With the permission of the Dramatists Guild, I am re-publishing my regional reports here on my blog after they’ve been published in print and released to members. My thinking is that (in some cases, at least) the columns I write will interest other theater practitioners and non-Guild members as well.
The playwriting life is all too often solitary. Aside from rehearsals and workshops, we spend most of our time alone, writing. And let’s be honest: some of us prefer it that way. We aren’t always the most socially-comfortable bunch, though success does require us to overcome our reclusiveness.
Even when we do get to spend time with fellow theater makers, furthermore, who are they? Directors, actors, designers, occasionally dramaturgs… right? So here’s the key question: how much time do you ever get to spend with your fellow playwrights?
One side effect of our collective isolation, I have found, is that we often feel disempowered. We become combative with one another, clamoring for what we think must be the same scraps others are clamoring for. We develop an “every-playwright-for-herself” mentality. It’s destructive.
How do we fight that? The first step, I believe, is to get us out of our bunkers and put us (one way or another) into the same rooms together.
For about a year now in DC, we’ve been working on doing just that. We started by holding “artistic speed-dating” events: formal gatherings designed to help playwrights break the ice not only with each other, but with their potential artistic collaborators. (You should try them in your own city!) We’ve held two of them so far, and they’ve been lots of fun.
But they were only the beginning. Creating a venue in which playwrights could sit side-by-side meeting directors and actors was one thing; giving us all an opportunity to sit face-to-face, sharing our fears and dreams and visions, was another.
So we started hosting a series of informal happy hours. We’d pick a day, pick a bar to meet in, and just… show up, without any agenda. It took a while for things to feel natural. Some happy hours were better attended than others. In addition, we lived such separate lives, frankly, that few of us really knew each other. But they started to become fun.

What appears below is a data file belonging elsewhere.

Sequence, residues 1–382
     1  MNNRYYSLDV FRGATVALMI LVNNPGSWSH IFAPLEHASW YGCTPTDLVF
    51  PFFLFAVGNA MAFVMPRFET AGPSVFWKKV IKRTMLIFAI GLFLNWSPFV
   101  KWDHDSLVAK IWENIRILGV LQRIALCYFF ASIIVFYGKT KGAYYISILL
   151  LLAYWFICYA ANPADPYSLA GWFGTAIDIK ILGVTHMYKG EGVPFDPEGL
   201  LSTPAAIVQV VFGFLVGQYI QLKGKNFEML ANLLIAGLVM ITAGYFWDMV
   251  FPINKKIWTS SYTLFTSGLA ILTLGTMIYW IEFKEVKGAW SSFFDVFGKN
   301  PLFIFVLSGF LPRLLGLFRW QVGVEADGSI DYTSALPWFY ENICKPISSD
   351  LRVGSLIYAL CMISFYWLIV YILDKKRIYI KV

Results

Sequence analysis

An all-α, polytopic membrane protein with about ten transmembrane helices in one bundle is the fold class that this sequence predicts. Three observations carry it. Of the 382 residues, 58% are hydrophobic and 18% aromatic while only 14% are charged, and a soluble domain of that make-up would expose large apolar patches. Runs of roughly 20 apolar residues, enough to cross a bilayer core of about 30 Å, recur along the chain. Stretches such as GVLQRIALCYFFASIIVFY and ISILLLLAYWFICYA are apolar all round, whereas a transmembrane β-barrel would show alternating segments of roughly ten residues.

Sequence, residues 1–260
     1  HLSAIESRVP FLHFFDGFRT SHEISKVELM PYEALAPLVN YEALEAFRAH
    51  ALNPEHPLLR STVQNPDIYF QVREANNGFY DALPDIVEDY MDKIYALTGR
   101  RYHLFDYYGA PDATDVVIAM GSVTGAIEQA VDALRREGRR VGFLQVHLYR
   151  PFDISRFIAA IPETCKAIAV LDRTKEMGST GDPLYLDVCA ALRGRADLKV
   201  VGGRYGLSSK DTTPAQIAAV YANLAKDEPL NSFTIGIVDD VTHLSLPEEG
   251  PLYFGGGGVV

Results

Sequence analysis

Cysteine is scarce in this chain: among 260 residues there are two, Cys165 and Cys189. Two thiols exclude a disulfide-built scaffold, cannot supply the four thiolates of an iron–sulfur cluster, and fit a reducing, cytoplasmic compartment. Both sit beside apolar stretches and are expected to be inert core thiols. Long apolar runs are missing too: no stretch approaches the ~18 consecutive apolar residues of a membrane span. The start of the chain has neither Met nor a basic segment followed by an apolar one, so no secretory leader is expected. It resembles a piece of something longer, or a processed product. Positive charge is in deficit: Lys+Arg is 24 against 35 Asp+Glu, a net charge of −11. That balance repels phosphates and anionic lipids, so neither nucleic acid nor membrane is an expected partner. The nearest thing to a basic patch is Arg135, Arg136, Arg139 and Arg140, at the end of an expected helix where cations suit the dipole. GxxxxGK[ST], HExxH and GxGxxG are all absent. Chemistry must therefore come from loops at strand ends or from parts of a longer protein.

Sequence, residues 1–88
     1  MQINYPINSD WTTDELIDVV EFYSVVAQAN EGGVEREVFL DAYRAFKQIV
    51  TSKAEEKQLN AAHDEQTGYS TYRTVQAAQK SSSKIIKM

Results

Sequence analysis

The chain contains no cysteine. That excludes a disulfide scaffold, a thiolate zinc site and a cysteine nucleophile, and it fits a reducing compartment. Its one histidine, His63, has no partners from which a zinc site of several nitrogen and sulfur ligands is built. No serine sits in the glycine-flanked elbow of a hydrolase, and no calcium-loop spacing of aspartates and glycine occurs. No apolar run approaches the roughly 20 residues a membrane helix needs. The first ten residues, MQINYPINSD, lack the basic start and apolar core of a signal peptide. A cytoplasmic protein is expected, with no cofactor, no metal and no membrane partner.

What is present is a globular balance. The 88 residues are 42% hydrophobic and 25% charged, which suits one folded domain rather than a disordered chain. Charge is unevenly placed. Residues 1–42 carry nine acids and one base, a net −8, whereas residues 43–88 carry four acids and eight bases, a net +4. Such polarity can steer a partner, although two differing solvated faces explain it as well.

They were only the first step, too. Beginning with the 2012-13 theater season, we decided to take them to the next level. Instead of just meeting in a random bar, we began seeing shows together… and not just any shows, either, but productions of our own work. Once a month, we all gather, see a play, and talk about it. Our conversations are much more focused than they’ve ever been before. And we’re supporting each other with our theater-going dollars as well.
But the piece de resistance was the first annual Dramatists Guild-sponsored “Playwrights Rally” we held at the Kennedy Center’s Page-to-Stage Festival. If getting us together 10 or 15 at a time was successful, we thought, why not try to get EVERYONE together? Not only from the DC region, but the Baltimore region as well? And so we did.
My hope and expectation is that the hours we all spend alone in our offices and studios and coffee shops will be richer and less lonesome and more empowered than they ever have been before. In time, too, I’d like us all to start actively working, on a regular basis, on behalf of the new friends we’ve made in one another. Perhaps eventually, we’ll have a revolution of some kind. Wouldn’t that be wonderful?